Skip to content

The Lake District, Chile: Part 2 in color

We arrived Wednesday in Puerto Montt, a run down and charming port city in the south of Chile with an estimated population of 220,000 people. 

After checking out the old port we headed out to a somewhat nearby island called Chiloe. The colorful and enchantingly weird town was very intriguing. 

We walked around the town and visited a beach called, the Pinguineras. It was an abandoned beach with two or three residents living on the beach. The summer season hot spot was empty, without the typical company of the penguins that inhabit the little islands of the coast of the beach. Running into strange plastic looking seaweed and documenting some vultures eating away at a dead seals corpse helped made the day all the more extraordinary.Our tour guide as well as locals of the town told us interesting stories of the mystical island we were on, explaining that witches and wizards are all around and that certain spirits and ghost pirate boats are seen at night.

The next day we left to Puerto Varas, a smaller and eye opening little city with around 20,000 inhabitants. Puerto Varas was colonized by the Germans and has many south German styled homes. After an hour and a half drive we finally arrived at a dormant volcano called volcano Osorno. We hiked up part of the volcano to be able to get a better view. The view as well the small plants growing from the volcanic rocks was increíble. This place is definitely on my top 5 best sceneries ever seen.

 I must say though, the pictures taken definitely dont do the volcano justice.
Afterwards, we walked around the green lagoon and the waterfalls of the Saltos of Petrohue. The last destination was the river of all the saints, that lies a couple kilometers away from the border of Argentina. Along the way we picked some special berries from the bushes called the Murta berry, the locals favorite fruit. 

Beautiful and breathtaking views! Is a definite must-see when visiting chile!

With love,


Leave a Reply

Fill in your details below or click an icon to log in: Logo

You are commenting using your account. Log Out /  Change )

Google photo

You are commenting using your Google account. Log Out /  Change )

Twitter picture

You are commenting using your Twitter account. Log Out /  Change )

Facebook photo

You are commenting using your Facebook account. Log Out /  Change )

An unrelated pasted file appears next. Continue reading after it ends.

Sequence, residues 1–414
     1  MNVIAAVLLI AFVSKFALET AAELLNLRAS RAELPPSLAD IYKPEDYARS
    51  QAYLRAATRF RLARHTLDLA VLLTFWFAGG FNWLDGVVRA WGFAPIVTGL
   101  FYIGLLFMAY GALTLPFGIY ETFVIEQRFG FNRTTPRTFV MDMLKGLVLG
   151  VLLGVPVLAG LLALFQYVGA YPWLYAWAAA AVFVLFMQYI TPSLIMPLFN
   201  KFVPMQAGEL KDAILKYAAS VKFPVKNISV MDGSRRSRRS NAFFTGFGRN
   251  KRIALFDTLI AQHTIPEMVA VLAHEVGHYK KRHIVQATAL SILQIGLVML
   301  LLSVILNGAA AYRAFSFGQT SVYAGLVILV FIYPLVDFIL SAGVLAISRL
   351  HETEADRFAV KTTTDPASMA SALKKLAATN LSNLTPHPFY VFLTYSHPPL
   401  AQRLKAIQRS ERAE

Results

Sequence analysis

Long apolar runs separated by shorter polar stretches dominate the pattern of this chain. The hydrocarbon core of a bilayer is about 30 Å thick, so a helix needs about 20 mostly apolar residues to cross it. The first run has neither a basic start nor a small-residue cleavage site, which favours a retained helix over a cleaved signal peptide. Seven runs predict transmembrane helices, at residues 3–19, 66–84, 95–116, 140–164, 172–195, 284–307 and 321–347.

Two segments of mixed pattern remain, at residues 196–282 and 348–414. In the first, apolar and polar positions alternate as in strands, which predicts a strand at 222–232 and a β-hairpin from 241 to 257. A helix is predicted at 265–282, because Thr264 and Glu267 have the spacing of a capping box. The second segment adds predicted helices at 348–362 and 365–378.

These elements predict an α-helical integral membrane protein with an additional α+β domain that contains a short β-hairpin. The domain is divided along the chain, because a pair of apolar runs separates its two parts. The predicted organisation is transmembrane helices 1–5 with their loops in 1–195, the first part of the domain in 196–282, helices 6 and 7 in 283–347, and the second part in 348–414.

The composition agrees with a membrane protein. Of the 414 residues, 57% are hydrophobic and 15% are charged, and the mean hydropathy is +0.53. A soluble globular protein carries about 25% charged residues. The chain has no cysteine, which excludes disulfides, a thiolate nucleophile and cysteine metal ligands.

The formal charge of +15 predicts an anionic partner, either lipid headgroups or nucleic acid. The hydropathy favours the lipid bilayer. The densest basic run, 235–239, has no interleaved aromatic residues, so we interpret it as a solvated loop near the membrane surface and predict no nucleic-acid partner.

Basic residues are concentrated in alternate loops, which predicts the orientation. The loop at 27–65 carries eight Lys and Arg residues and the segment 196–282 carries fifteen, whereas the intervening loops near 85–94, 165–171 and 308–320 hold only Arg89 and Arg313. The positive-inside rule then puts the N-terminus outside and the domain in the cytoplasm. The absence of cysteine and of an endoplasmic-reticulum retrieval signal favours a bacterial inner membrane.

Connecting to %s


Happy PRIDE🌈🌈🌈
The sailboat, Grateful has been traveling the waters since 2018. Duane sold his house in California and decided to buy a boat in Turgutreis, Turkey and head out through the Mediterranean. It was interesting sailing and speaking to him about the difficulty of traveling during lockdown, as it can be sometimes difficult to enter ports/marinas in certain locations. Here are some impressions of grateful out on the waters. ⛵️
In many cultures, cemeteries are sacred places that require specific conduct when people walk through them. They are regarded as places that welcome different identities, representing a certain culture. I present to you a graveyard surrounded by cow fields somewhere in Belgium, where WW2 veterans lie and those awaiting to join their loved ones in the family grave, have their name carved into the tombstone.
Over the summer, Budapest’s prestigious, 155 years old University of the Arts and Theatre (SZFE) was placed under the governance of a private foundation. It was another display of Prime Minister Viktor Orbán’s “war on culture”. In other words, a Fidesz party clamp down on liberalism or even opposition sentiment. The “private foundation” has begun taking charge of the university by welcoming unelected board of trustees, who are directly funded by Fidesz.
It is all about finding the beauty in the mundane. Film developed of a lonely beach house in Caparica, Lisbon 💙
Philomena and her husband, Nuno own a small laundry shop in Alfama. They have a big washing machine that has been kicking for the last 25 years and gets the work done. They have suffered financial setbacks due to the last year and a half of slow business. The pandemic suprised Philomena because of the division she sees in her neighborhood. People seem divided and instead of keeping together and checking in on each other, neighbors show endless disdain and a lack of empathy. Since restrictions were lifted, and a slowly flourishing tourism is returning, money will flow into the neighborhood and she will see a change. “Let’s see, Alfama will have to pick itself up,” she positively says.
%d bloggers like this: